Effective Therapy from Psychologists

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Why should I ‘accept’ my emotions?

Posted: 25/04/2014

Accepting emotions, particularly negative ones, is a central tenant or at the least a starting point of many therapies: mindfulness therapies, compassion-focused therapies, and schema therapy for example. Many people struggle with this idea of acceptance, particularly when we are talking about accepting unwanted emotions or physical sensations like depression, anxiety, trauma, or pain. The very word ‘acceptance’ conjures up ideas of agreeing with something or passively resigning oneself to having these feelings. Understandably a sense of hopelessness may arise.

However, in therapy terms, the concept of ‘acceptance’ is anything but passive or resigned. It is an active stance of opening up to and becoming fully aware of your feelings moment-to-moment, experiencing them wholly and exploring them with curiosity. This requires a good deal of courage and determination, and throwing away the rule book of human nature that recommends we cope with negative feelings by trying to ignore, avoid, detach, or distance ourselves from them.

Indeed it is our ways of coping with that can become problematic and can reinforce or add to our misery. Often this is the starting point in therapy – when people have tried out a number of ways to solve their difficulties but become stuck – in other words ‘the solution becomes the problem’. Take anxiety – it is widely recognised that avoiding our fears is a natural and understandable short-term solution, but in the long run avoidance can start to put limits on how we live, the choices we make and ultimately affect our quality of life and the lives of others. Similarly with strong feelings of depression, we may find ourselves trying to fight these off, block them, or push past them, carrying on regardless. Of course this can work to a point and help us to function in our daily lives, however our feelings are powerful indicators that all is not well underneath and they require our full attention.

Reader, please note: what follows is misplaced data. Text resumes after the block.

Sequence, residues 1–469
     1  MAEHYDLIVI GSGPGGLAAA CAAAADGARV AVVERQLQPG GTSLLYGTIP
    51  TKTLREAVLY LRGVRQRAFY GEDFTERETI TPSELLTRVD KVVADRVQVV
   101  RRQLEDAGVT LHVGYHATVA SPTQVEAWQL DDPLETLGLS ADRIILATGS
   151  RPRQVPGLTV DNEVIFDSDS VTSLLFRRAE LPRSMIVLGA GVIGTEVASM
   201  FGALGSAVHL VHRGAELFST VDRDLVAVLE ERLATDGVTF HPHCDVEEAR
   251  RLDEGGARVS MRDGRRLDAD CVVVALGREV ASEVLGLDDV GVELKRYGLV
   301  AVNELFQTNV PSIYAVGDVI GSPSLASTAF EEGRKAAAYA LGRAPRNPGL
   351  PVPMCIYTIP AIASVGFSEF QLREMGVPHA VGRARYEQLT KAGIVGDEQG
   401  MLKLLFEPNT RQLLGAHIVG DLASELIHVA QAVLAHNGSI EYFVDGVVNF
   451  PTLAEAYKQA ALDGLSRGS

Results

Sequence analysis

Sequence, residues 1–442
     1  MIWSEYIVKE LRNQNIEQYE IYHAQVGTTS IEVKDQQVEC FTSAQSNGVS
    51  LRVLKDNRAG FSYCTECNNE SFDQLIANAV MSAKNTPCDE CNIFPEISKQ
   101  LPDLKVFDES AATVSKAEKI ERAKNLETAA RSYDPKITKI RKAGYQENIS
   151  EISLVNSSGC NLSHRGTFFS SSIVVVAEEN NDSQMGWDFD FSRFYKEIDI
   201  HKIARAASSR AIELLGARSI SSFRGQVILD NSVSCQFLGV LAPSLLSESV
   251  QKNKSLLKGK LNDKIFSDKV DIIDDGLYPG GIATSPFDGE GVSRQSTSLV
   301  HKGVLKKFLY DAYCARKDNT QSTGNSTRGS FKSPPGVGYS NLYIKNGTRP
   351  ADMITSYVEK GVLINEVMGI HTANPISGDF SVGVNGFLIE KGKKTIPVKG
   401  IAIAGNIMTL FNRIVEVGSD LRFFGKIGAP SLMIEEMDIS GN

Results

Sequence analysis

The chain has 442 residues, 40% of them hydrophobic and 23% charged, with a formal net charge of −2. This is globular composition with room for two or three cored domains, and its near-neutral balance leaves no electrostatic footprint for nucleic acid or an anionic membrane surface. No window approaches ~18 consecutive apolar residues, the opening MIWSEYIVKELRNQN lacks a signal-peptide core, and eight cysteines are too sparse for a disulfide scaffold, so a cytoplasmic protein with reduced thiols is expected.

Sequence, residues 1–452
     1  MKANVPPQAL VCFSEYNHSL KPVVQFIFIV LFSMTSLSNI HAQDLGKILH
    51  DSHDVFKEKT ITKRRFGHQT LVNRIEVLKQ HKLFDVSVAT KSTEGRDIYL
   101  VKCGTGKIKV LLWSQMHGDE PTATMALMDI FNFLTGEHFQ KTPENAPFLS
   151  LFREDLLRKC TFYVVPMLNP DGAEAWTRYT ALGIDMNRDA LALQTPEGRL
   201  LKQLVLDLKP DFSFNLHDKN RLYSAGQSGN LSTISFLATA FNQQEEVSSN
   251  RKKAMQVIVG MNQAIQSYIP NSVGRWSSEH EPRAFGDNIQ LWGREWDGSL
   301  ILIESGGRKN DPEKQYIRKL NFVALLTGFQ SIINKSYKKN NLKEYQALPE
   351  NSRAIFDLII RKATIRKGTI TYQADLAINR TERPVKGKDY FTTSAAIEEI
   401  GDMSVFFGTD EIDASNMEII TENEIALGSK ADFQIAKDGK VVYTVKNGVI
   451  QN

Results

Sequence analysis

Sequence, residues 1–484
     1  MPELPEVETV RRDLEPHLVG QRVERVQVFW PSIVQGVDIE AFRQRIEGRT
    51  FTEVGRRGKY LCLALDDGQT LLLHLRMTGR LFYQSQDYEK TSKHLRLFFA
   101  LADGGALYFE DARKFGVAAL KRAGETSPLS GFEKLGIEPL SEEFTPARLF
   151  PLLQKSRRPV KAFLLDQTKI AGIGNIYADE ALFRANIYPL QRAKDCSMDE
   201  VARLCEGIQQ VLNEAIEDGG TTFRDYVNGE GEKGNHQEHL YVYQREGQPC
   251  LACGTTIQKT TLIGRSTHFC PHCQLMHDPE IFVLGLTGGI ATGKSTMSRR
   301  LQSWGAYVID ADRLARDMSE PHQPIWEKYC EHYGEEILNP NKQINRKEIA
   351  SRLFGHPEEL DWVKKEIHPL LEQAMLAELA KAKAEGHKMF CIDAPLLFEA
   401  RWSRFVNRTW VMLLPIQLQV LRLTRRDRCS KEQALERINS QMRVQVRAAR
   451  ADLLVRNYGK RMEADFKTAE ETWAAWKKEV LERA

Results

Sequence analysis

The poem ‘The Guest House’ (by Jelaluddin Rumi) captures the essence of acceptance. Rumi refers to humans as a guest house for a range of visiting ‘guests’ or emotions. He encourages us greet all emotional experiences, positive and negative, with equanimity – treating each as an equally welcome guest which we can learn from. (http://allpoetry.com/poem/8534703-The-Guest-House-by-Mewlana-Jalaluddin-Rumi)

Once we can fully experience and understand our feelings, what causes them, how they change moment to moment, then we automatically command greater control over them. With this clarity we can then decide on how best to manage a difficult situation, how best to take care of ourselves and others, and how to get our needs met.

Samantha Leaity, Clinical Psychologist, Become Psychology

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Why do people say sorry when they cry?

Posted: 23/04/2014

You may have noticed on TV and in your own life that people often say sorry when they cry in front of others.  Why is this and what’s going on here?  I don’t know for sure but it makes me think that it must be because people think they have done something wrong and they feel embarrassed or uncomfortable.  Maybe they feel it is wrong to show feelings in public, or feel they are burdening others with them.  I wonder too if apologising for crying reflects ideas in society about when it is right to show feelings or messages from childhood such as “grown men don’t cry” or that “crying is a sign of weakness”.  Society has funny standards about showing emotions – show too much and you are labelled “emotional” or “irrational” and show too little you are labelled “reserved” or “standoffish”  and if you show any, sometimes people don’t k now what to do – hard to win sometimes.  I think there is nothing wrong about crying – it shows something matters to you.  Emotions are part of our evolutionary make up as humans – just imagine trying to live without ever feeling anything!    We would not have survived as a species without them.   Without feeling fear humans would not have evolved the fight or flight response – important if you need to get away from predators!

Robert Watson, Clinical Psychologist, Become Psychology

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What is Narcissism?

Posted: 23/04/2014